Glacier FarmMedia – As better corn headers and straw choppers leave a cleaner surface and eliminate the need for residue-busting tillage implements, cultivators can get back to the job of performing primary tillage.
That’s the premise behind Horsch’s new Omnis FT primary tillage line being launched this fall, says company rep Jeremy Hughes.
Increasingly tough corn stalks have made for the need for increasingly aggressive primary tillage tools, most with coulters. There are now tools which do a better job of managing residue at the corn head, such as corn head stalk choppers.
Hughs said the Omnis FT is designed to break up compaction and provide consistent soil tilth in conditions where residue has already been properly sized and distributed by the combine.
“Harvesting technology today has evolved to effectively manage crop residues, whether it be through fine-cut straw choppers or through chopping corn heads. With proper sizing and uniform spreading of crop residues, the combine provides the initial first step of seed bed preparation,” Hughes said.
“After the combine, primary tillage is the next step toward making a seed bed for the next crop. By having residue already sized during harvest, the Omnis FT uses shanks only for tillage.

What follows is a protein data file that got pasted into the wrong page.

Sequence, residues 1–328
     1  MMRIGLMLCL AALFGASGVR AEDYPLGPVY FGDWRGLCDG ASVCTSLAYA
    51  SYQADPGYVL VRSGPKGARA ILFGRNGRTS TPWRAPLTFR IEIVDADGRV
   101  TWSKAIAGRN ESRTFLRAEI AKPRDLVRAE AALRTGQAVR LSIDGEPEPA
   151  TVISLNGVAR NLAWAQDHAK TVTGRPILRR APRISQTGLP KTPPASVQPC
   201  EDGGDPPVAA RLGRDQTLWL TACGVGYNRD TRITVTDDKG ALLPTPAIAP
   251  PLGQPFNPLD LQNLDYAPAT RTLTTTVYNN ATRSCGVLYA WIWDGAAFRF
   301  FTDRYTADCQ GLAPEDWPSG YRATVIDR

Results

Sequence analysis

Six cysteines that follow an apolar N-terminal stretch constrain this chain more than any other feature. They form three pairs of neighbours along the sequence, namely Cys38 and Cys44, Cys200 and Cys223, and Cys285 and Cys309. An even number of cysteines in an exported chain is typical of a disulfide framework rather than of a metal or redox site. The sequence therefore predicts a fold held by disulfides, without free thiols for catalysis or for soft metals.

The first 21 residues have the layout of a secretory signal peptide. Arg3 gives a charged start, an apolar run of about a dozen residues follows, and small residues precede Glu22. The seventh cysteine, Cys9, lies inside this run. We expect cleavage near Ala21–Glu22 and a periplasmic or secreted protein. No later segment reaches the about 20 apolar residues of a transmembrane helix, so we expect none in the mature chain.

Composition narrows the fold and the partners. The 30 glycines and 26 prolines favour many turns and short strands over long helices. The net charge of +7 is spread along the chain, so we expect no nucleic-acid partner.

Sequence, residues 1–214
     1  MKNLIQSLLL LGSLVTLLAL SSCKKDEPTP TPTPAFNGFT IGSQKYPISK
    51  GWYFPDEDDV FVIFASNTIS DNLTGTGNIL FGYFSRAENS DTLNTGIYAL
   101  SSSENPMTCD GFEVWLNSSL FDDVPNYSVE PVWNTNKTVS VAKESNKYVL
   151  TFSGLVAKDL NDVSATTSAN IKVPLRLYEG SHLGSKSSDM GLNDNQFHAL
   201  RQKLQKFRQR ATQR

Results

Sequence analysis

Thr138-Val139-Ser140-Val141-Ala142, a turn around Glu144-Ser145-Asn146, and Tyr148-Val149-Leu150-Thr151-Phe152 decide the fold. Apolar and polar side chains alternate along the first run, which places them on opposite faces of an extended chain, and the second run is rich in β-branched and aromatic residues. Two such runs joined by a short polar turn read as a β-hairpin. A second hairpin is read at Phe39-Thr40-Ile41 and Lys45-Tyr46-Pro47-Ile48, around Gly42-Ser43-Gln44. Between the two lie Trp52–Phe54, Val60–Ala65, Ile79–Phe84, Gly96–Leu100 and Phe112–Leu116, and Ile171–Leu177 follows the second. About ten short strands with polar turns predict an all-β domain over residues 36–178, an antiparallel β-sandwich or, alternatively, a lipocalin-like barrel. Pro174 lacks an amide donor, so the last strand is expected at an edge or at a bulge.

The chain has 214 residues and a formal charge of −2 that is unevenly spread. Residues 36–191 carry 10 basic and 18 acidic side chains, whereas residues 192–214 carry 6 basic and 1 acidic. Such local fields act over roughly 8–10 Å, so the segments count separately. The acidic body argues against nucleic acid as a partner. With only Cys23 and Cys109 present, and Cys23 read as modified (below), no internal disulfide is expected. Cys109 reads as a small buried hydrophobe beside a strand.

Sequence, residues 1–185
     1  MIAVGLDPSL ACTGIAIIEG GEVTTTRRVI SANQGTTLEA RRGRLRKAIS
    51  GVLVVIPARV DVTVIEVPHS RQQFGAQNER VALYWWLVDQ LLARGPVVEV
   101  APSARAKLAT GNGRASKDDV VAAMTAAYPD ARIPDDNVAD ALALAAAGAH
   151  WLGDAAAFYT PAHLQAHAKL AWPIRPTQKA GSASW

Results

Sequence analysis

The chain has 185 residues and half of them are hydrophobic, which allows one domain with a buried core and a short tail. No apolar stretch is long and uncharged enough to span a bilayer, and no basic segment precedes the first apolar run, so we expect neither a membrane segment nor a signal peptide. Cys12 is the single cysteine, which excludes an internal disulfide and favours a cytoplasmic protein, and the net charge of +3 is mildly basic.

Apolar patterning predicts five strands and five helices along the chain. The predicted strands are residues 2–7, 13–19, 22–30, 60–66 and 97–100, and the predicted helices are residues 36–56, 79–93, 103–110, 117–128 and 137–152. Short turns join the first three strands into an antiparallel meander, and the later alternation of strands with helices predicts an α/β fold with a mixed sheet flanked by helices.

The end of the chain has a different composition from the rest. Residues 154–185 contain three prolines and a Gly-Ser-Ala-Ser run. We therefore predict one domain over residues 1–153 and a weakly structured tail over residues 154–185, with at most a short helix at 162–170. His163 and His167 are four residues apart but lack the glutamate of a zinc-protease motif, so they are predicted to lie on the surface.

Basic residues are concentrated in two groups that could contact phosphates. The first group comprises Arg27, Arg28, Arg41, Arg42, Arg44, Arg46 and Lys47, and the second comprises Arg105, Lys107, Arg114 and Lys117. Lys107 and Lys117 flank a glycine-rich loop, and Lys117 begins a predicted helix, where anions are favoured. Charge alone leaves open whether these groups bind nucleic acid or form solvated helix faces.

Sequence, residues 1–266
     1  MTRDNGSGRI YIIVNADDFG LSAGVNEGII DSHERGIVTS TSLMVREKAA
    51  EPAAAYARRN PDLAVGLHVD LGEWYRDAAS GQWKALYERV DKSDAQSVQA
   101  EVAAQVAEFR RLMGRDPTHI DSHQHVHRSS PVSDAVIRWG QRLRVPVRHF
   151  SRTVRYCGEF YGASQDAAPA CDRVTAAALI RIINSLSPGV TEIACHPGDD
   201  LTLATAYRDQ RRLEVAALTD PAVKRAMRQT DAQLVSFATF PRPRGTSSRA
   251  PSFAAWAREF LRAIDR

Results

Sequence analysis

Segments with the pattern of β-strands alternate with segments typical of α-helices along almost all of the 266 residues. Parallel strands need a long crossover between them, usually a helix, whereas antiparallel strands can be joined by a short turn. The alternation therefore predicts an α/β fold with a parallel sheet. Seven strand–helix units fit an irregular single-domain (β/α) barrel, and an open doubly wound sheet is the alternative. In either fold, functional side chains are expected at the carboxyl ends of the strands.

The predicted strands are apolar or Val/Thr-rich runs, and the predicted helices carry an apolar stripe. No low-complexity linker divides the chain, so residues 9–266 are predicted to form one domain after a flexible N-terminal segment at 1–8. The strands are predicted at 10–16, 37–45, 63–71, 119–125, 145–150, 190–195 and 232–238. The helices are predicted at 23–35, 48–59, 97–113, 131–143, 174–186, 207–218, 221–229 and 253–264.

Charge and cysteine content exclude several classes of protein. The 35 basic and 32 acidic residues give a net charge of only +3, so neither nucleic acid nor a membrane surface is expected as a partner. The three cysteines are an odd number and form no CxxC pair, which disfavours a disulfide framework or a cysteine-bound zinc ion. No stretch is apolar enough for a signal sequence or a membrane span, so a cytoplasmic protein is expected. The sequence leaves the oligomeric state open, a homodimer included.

“We don’t need those big blades on those disc rippers to deal with Bt corn residue because corn producers now have chopping corn heads to size the residue at harvest. In small grain production, we have a new generation of fine-cut, wide-spread choppers on combines. So that has changed everything. The disc ripper is obsolete.”
He said in situations where residue has not been handled by the combine, the Omnis’ four-rank design with shanks on 15-inch centres makes a 60-inch in-line spacing that allows all residue to flow through without hanging up.
Hughes said the Omnis FT performs horizontal tillage, which is different than ripping. North American farmers who had seen the Horsch European tillage concepts at work expressed a need for the same horizontal fracture rather than ripping the soil, he added.